Better Nate Than Ever

By Tim Federle

Simon & Schuster, 2013

275 pages, $16.99

“Macaroni and cheese is still my favorite food—how would I know who I want to hook up with?” That’s Nate Foster, the 13-year-old protagonist of Tim Federle’s young readers novel, Better Nate Than Ever, responding to a bully who taunts him about his sexuality. Whether you use the book in class as a discussion starter, or share it with students at your studio, this is a must-read for all middle school–age performers.

The story follows Foster, who secretly takes a Greyhound bus from his small-town Pittsburgh suburb to New York City to audition for E.T.: The Musical. But it’s more than an adventure through Manhattan. The coming-of-age tale sheds light on real themes: bullying, sexuality, family and self-discovery, all from the hilarious and loveable perspective of a musical theater–obsessed teen.

Most compelling is the realism within the pages. From the New York City landmarks—like Ripley-Grier Studios and a walk between the Flatiron Building and SoHo—to the scene at a new musical open call, Federle gets it right. He’s a Broadway dancer and former coach of the Billy Elliot kids; his childhood mirrors his protagonist’s. (According to Federle’s biography on his website: “1987: Tim develops interest in the musical Cats; 1988: Bullies develop interest in Tim.”) Federle’s sharp wit successfully captures the voice of a precocious, but unsure young teen, while appealing to adult readers as well. You won’t be able to put it down.

Technique
Nan Melville, courtesy Genn

Not so long ago, it seemed that ballet dancers were always encouraged to pull up away from the floor. Ideas evolved, and more recently it has become common to hear teachers saying "Push down to go up," and variations on that concept.

Charla Genn, a New York City–based coach and dance rehabilitation specialist who teaches company class for Dance Theatre of Harlem, American Ballet Theatre and Ballet Hispánico, says that this causes its own problems.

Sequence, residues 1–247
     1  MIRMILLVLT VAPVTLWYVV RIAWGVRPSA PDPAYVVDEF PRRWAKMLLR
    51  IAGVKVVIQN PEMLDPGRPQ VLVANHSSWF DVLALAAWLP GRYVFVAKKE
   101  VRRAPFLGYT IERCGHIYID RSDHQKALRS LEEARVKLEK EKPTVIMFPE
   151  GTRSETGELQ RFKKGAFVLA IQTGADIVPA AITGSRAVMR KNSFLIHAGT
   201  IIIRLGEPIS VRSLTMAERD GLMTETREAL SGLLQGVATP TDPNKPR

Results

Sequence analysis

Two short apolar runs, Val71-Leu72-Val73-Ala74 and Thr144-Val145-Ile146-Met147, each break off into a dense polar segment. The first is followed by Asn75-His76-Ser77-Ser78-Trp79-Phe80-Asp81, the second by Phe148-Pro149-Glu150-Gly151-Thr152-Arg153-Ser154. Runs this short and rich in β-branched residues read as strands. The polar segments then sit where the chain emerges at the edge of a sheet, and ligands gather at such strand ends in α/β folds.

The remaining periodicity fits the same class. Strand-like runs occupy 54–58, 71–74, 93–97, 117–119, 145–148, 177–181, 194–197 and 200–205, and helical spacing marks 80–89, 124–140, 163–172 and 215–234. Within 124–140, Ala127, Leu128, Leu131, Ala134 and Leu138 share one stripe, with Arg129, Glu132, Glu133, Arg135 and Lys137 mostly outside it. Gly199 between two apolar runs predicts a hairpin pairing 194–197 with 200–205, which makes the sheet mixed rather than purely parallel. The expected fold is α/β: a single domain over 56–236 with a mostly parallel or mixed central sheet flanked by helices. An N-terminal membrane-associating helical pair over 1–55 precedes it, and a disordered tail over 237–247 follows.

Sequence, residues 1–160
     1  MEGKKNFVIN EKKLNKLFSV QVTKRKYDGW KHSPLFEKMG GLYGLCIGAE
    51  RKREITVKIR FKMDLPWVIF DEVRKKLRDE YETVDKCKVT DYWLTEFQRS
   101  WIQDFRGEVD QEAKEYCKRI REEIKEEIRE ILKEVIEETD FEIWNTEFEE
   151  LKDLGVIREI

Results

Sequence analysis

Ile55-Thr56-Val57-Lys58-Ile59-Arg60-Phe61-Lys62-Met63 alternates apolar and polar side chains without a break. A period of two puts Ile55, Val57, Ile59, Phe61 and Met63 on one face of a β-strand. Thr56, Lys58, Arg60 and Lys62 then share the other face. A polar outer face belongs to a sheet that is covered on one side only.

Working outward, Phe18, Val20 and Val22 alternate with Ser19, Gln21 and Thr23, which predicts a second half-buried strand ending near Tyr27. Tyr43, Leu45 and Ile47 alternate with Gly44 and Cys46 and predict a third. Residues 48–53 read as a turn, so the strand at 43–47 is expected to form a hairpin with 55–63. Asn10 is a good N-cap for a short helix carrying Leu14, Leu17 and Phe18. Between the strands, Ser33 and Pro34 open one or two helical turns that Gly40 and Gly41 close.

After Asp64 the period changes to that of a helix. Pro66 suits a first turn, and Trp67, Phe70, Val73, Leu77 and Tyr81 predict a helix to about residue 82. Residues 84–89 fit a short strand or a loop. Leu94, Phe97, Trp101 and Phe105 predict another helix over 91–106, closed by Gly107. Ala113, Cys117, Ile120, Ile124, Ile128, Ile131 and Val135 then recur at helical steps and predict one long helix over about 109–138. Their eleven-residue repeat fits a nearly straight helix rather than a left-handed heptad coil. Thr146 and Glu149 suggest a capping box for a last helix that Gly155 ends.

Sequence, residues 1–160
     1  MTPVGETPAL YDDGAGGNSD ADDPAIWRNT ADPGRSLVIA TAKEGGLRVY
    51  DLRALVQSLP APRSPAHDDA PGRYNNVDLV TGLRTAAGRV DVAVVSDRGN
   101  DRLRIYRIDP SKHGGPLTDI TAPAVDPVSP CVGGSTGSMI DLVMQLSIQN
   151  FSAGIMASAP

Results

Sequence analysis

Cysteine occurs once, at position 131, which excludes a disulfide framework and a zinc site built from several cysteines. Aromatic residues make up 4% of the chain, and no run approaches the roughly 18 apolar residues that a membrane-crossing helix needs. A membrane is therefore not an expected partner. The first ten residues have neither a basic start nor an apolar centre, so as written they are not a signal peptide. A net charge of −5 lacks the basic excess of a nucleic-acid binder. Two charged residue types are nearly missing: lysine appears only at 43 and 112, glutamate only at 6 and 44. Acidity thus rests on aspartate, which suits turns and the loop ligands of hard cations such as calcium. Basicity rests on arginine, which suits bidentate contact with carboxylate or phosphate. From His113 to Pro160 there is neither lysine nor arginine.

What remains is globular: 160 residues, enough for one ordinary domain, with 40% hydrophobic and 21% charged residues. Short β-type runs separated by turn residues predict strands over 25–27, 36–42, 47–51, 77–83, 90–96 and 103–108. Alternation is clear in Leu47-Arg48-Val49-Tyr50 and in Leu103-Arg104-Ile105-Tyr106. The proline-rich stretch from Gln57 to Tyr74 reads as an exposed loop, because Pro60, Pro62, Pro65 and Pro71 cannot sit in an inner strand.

"Often when we tell dancers to go down, they physically push down, or think they have to plié more," she says. These are misconceptions that keep dancers from, among other things, jumping to their full potential.

To help dancers learn to efficiently use what she calls "Mother Marley," Genn has developed these clever techniques and teaching tools.

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Alwin Courcy, courtesy Ballet des Amériques

Carole Alexis has been enduring the life-altering after-effects of COVID-19 since April 2020. For months on end, the Ballet des Amériques director struggled with fevers, tingling, dizziness and fatigue. Strange bruising showed up on her skin, along with the return of her (long dormant) asthma, plus word loss and stuttering.

"For three days I would experience relief from the fever—then, boom—it would come back worse than before," Alexis says. "I would go into a room and not know why I was there." Despite the remission of some symptoms, the fatigue and other debilitating side effects have endured to this day. Alexis is part of a tens-of-thousands-member club nobody wants to be part of—she is a COVID-19 long-hauler.

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Teachers Trending

Annika Abel Photography, courtesy Griffith

When the murder of George Floyd in Minneapolis last May catalyzed nationwide protests against systemic racism, the tap community resumed longstanding conversations about teaching a Black art form in the era of Black Lives Matter. As these dialogues unfolded on social media, veteran Dorrance Dance member Karida Griffith commented infrequently, finding it difficult to participate in a meaningful way.

"I had a hard time watching people have these conversations without historical context and knowledge," says Griffith, who now resides in her hometown of Portland, Oregon, after many years in New York City. "It was clear that there was so much information missing."

For example, she observed people discussing tap while demonstrating ignorance about Black culture. Or, posts that tried to impose upon tap the history or aesthetics of European dance forms.

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